The Commodities Feed: Large US product build
Oil has come under pressure this morning following a fairly bearish EIA inventory report yesterday. Whilst US crude oil inventories fell by 5.24MMbbls over the last week, the build in product inventories more than offset the crude decline. Refined product stocks increased by 20.71MMbbls over the week, with gasoline, distillate fuel oil and propane inventories growing by 7.05MMbbls, 4.41MMbbls, and 5.5MMbbls respectively. This leaves total US inventories (crude and product) increasing by almost 15.5MMbbls over the last week. The gasoline increase has meant that inventories are now not too far off from the 5-year average, having been near a 5-year low previously. A key factor behind the large product builds was the fact that refiners increased their utilization rates by 2.6 percentage points over the week to 91.3%, which is the highest rate seen from US refiners since January last year. While refiners increased output, implied fuel demand was weaker over the week, with total product supplied falling by 1.43MMbbls/d. Implied gasoline demand declined by 666Mbbls/d, taking it back below the 9MMbbls/d mark. However, as we move deeper into the summer driving season, we would expect to see demand trending higher.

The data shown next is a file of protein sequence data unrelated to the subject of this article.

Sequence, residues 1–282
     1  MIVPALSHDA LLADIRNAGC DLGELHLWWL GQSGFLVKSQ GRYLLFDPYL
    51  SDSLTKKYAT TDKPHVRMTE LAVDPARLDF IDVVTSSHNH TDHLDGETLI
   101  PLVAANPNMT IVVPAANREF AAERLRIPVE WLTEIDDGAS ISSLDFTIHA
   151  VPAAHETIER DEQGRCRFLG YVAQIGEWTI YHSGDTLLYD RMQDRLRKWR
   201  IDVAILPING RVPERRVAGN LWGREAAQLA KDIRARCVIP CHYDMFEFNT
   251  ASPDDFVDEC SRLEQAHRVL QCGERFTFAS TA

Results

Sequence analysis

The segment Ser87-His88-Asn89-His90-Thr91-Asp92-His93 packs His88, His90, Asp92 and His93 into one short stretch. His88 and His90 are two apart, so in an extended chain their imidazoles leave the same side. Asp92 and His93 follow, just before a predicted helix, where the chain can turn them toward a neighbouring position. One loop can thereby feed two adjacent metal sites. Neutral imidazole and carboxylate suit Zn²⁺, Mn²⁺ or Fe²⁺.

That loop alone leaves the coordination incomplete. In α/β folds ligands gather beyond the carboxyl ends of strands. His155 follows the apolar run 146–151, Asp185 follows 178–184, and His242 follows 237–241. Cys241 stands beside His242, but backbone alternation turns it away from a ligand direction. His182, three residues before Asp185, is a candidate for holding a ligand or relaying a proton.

Moving on, and Iran has some ambitious targets, with it reported that the country plans to increase oil output to 3.3MMbbls/d within a month after US sanctions are lifted, which would then be followed by output increasing to 4MMbbls/d within three months. At the moment, Iran is pumping at around 2.4MMbbls/d, which suggests these targets will be a stretch. We are assuming that Iranian output returns to 3MMbbls/d by the end of this year, whilst it appears market expectations range from 500Mbbls/d to 1MMbbls/d. Clearly, the return of this supply will be dependent on the US lifting sanctions against Iran, and for that, we would need to see the US rejoining the Iranian nuclear deal. Discussions related to the deal continue this week.
The latest data from India’s Petroleum Planning & Analysis Cell shows that fuel demand in India over May totalled 15.1mt, which is 11% lower MoM, and also down 1.5% YoY. This weaker demand reflects the impact from the most recent wave of Covid-19 seen in India over April and May. However, with Covid-19 cases having peaked and some regions easing restrictions, fuel demand should already be in recovery mode.
Finally, later today OPEC will release its monthly market report, which will include production numbers for the group for the month of May. In addition to this, the report will include OPEC’s latest outlook for the remainder of the year. This will be followed by the IEA’s oil market report on Friday, where the agency will also share its latest view on the market.